At a score of 60, South Korea is a hierarchical society. This means that people accept a hierarchical order in which everybody has a place and which needs no further justification. Hierarchy in an organization is seen as reflecting inherent inequalities, centralization is popular, subordinates expect to be told what to do and the ideal boss is a benevolent autocrat
South Korea, with a score of 18 is considered a collectivistic society. This is manifest in a close long-term commitment to the member 'group', be that a family, extended family, or extended relationships. Loyalty in a collectivist culture is paramount, and over-rides most other societal rules and regulations. The society fosters strong relationships where everyone takes responsibility for fellow members of their group. In collectivist societies offence leads to shame and loss of face, employer/employee relationships are perceived in moral terms (like a family link), hiring and promotion decisions take account of the employee’s in-group, management is the management of groups.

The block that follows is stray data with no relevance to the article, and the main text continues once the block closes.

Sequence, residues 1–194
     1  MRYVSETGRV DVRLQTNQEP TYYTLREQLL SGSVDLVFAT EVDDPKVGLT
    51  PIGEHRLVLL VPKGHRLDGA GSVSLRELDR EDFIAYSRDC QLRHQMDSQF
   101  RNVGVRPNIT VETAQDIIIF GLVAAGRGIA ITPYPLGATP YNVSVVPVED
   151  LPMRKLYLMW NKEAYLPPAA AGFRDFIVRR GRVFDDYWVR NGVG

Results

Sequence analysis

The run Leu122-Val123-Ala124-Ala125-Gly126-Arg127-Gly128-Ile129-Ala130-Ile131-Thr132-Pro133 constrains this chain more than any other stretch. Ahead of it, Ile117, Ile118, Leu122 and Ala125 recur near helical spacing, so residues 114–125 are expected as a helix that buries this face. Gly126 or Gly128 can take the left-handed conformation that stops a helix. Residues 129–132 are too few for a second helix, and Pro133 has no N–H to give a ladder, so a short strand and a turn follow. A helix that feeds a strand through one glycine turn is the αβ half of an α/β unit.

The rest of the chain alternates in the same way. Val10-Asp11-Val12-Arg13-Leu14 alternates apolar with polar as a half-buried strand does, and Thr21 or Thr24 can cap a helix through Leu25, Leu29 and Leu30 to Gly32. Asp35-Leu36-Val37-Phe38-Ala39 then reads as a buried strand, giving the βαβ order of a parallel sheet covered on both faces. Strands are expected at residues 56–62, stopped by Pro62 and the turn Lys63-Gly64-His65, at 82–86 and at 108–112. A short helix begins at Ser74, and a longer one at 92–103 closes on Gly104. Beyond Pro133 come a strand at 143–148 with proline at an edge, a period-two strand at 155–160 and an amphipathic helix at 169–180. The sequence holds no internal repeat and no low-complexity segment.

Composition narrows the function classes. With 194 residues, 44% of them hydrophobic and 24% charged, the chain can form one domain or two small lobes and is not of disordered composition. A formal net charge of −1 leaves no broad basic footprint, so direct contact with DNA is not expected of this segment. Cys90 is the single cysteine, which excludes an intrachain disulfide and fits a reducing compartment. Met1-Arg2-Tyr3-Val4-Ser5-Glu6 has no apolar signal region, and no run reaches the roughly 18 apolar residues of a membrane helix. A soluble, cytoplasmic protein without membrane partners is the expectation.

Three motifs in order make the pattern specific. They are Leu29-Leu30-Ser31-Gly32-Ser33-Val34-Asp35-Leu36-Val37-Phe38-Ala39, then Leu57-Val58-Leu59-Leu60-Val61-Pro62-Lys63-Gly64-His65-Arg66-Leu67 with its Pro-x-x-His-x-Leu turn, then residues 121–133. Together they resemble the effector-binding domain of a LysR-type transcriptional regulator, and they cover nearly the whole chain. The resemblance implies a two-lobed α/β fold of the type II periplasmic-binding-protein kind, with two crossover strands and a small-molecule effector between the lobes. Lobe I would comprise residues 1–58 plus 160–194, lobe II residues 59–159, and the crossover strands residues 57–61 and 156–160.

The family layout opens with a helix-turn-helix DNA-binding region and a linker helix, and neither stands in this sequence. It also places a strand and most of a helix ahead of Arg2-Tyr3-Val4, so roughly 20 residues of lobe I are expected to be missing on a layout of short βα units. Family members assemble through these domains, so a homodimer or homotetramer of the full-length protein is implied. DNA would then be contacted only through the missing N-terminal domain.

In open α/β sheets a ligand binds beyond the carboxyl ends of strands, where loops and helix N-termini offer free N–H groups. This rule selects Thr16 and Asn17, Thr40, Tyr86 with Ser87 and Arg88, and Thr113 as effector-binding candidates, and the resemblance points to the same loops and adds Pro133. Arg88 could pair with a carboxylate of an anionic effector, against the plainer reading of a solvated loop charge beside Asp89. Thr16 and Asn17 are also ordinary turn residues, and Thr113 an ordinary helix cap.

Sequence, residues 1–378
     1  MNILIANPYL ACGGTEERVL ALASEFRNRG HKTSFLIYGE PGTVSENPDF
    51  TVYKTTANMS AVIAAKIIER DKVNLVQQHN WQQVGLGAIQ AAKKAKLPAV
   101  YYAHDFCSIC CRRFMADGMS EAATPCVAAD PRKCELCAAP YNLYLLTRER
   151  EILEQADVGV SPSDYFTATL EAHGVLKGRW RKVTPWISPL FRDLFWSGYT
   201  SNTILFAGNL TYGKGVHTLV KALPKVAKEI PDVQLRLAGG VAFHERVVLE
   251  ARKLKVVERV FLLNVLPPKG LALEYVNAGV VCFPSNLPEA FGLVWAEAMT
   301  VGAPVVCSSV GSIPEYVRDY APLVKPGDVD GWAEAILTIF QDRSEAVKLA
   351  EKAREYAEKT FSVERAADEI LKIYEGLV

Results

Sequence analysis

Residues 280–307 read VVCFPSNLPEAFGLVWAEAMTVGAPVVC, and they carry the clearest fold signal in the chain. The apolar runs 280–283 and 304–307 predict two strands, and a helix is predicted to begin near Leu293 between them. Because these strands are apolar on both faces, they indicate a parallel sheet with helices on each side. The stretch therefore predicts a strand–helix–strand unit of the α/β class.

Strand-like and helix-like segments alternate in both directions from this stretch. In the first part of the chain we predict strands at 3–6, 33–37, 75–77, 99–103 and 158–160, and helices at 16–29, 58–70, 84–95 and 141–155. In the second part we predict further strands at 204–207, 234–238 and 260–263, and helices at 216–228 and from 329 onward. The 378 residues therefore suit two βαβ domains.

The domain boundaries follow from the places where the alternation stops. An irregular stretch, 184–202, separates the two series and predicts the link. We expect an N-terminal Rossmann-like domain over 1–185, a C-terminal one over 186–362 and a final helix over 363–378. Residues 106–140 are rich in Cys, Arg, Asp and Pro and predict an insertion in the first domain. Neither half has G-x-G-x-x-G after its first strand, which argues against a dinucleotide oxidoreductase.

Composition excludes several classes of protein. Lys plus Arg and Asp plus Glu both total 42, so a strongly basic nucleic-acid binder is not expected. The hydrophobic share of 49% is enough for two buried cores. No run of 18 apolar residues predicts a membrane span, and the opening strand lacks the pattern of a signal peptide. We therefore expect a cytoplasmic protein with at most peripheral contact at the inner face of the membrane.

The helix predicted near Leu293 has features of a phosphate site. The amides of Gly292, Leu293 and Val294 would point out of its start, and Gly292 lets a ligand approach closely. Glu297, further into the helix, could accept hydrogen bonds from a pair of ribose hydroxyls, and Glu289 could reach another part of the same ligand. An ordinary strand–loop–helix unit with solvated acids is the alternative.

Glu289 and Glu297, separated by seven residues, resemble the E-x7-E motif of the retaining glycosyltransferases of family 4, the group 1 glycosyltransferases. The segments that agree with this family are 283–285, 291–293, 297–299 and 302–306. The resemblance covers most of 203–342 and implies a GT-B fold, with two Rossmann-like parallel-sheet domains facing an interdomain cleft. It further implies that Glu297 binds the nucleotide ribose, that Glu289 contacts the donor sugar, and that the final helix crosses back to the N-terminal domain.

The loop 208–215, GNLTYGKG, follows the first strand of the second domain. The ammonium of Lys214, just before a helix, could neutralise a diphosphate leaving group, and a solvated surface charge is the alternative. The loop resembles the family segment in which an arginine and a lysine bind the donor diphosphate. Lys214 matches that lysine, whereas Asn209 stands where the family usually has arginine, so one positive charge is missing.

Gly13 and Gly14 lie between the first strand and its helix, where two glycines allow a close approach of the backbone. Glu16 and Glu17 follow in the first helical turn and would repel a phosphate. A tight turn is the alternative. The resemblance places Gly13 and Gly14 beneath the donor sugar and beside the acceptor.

Masculinity / Femininity
South Korea scores 39 on this dimension and is thus considered a feminine society. In feminine countries the focus is on “working in order to live”, managers strive for consensus, people value equality, solidarity and quality in their working lives. Conflicts are resolved by compromise and negotiation. Incentives such as free time and flexibility are favoured. Focus is on well-being, status is not shown. An effective manager is a supportive one, and decision making is achieved through involvement.
At 85 South Korea is one of the most uncertainty avoiding countries in the world. Countries exhibiting high uncertainty avoidance maintain rigid codes of belief and behaviour and are intolerant of unorthodox behaviour and ideas. In these cultures there is an emotional need for rules (even if the rules never seem to work) time is...